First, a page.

On Monday at the U.S. District Courthouse in downtown San Francisco, federal judge James Donato sat an eight member jury to hear the case of Foster et al v. United Continental Holdings, Inc., et al, in which the family of Nathaniel “NJ” Foster, Jr. accused United Airlines and its contractors of negligently handling their quadriplegic and ventilator-dependent son during a February 2019 flight from Houston, Texas to Monroe, Louisiana. The alleged mishandling led to a catastrophic brain injury that placed NJ in a persistent vegetative state.

Exterior of federal courthouse building in San Francisco, at a height of about 20 stories.

The trial was expected to last a week or more, however a confidential settlement agreement between all parties to the suit was reached prior to the resumption of proceedings on Tuesday. The jury was dismissed before rendering a verdict and, while the defendants deny responsibility, they have agreed to pay an undisclosed amount to the family.

Asked to comment on the settlement agreement, a United Airlines spokesperson said, “Our top priority is to provide a safe journey for all our customers, especially those who require additional assistance or the use of a wheelchair. We are pleased to share that this matter has settled.”

Collage of photos of NJ Foster seated in his wheelchair before the incident on United Airlines.
NJ Foster was an active, vibrant young man who attendant university, owned a t-shirt business, and loved to sing. | Photos courtesy The Foster family.

Although it is unknown whether United and the other named defendants (ExpressJet Airlines LLC and DAL Global Services, LLC) had made earlier settlement offers, a series of failed motions to exclude portions of Monday’s video testimony from the flight attendant who worked on the Foster’s flight may have discouraged the defendants from sending the decision to the jury.

That flight attendant, Rebecca White, testified that there “just wasn’t enough people” at the Monroe airport to provide the same level of assistance to help NJ Foster off the plane as he had received when boarding at United’s larger Houston hub. While an employee pushed the aisle chair, Ms. White observed that “NJ was out of the aisle chair” and that “he was sliding down” the seat before “he slid, yeah, down on the flight deck door.” It’s hardly surprising that the testimony of an airline employee (and direct observer) that questions whether NJ was properly secured in the aisle chair would cause concern among the defendants. When an aisle chair was brought into the courtroom, it’s reasonable to assume that jurors could see how a breathing tube might get caught on the securement straps of an aisle chair as a passenger slides out of the seated position.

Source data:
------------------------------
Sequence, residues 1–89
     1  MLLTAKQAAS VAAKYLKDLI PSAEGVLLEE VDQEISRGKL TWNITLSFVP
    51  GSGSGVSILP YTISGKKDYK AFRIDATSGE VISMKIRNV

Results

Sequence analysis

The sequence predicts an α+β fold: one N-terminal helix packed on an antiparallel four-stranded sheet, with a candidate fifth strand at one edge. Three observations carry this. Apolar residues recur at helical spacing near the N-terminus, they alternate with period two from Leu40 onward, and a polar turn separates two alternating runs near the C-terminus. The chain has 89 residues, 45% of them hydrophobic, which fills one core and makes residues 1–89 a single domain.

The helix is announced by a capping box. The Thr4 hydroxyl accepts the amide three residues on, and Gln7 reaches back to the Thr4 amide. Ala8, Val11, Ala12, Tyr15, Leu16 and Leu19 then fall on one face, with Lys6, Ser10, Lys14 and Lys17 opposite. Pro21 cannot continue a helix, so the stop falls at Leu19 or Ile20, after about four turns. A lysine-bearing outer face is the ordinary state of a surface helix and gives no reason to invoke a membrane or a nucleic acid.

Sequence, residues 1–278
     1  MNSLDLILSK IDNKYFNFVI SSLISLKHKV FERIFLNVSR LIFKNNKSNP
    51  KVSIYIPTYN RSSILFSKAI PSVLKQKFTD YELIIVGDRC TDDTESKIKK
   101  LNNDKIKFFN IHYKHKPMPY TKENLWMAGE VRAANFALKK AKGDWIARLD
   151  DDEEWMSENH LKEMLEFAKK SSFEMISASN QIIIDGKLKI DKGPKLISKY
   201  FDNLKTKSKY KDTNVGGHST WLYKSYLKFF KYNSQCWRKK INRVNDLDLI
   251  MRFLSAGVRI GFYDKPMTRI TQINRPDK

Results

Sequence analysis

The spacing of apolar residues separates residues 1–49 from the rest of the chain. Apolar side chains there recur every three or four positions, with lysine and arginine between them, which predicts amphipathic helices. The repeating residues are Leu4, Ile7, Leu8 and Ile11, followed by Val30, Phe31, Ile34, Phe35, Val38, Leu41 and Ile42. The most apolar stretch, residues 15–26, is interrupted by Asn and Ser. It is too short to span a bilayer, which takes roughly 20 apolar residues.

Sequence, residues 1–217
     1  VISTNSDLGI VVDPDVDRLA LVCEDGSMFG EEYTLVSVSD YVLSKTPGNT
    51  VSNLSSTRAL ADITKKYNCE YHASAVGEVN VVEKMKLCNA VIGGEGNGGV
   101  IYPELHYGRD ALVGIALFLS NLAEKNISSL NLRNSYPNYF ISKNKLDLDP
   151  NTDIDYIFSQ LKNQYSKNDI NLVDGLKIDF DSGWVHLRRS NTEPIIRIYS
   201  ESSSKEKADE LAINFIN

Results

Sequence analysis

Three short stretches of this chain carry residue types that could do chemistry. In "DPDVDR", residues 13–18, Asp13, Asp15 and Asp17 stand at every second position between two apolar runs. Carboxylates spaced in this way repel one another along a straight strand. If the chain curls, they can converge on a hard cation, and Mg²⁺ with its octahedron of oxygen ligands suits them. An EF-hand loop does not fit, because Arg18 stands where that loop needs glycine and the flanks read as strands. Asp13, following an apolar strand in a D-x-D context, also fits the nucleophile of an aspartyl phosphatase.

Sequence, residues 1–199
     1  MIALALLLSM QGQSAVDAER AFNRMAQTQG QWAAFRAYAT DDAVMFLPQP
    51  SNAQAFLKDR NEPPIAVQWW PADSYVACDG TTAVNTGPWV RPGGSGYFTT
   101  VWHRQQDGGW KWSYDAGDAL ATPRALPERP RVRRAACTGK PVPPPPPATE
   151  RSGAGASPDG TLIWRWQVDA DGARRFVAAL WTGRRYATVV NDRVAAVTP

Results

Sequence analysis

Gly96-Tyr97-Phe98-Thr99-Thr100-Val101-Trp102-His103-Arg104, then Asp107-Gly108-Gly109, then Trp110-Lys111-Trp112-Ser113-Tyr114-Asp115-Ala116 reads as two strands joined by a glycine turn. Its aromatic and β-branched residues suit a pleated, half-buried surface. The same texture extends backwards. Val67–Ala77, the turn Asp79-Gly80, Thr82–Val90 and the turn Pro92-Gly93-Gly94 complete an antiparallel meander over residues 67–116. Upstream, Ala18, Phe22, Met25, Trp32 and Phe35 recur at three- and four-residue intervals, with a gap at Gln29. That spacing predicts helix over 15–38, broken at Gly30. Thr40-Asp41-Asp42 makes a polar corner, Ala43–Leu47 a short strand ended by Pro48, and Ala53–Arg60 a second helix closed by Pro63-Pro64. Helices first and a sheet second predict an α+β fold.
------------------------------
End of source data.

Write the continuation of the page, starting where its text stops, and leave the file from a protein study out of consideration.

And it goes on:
According to an agreement between the family and court, 50% of the settlement amount will be reserved for NJ’s continued care and rehabilitation. Following the trial, NJ’s father Nathaniel Foster, Sr. shared that he hopes these resources will allow NJ to receive a higher standard of rehabilitative care that had previously been out of reach. The remaining 50% will be shared among NJ’s family members: 20% to NJ’s father, 20% to his mother, Pamela, and 10% to his sister, Natalie.

Tragedies like those that impacted the Foster family are avoidable. Had NJ Foster been seated in his own wheelchair during the flight to Monroe, there would have been no opportunity for injury during a manual transfer. Airlines have the power to dramatically improve the disabled passenger experience — and reduce or eliminate liability — by adding a wheelchair securement space to every aircraft.

The Foster family repeatedly shared with me that they don’t want the pain and suffering that they have endured to be visited upon anyone else. Most lawsuits like this one are settled outside of court and before any testimony is reflected in the official record. In this case, the public has been made privy not only to the flight attendant’s testimony that was presented in court, but also to a trove of additional depositions and evidentiary documents submitted to the court in preparation for trial. The transparency that this case brought, shining a light on the inherently inaccessible nature of commercial aviation in the United States, should serve as a wake-up call to us all, and to the industry. The status quo, characterized by widespread inaccessibility and disability discrimination, will not stand for long.

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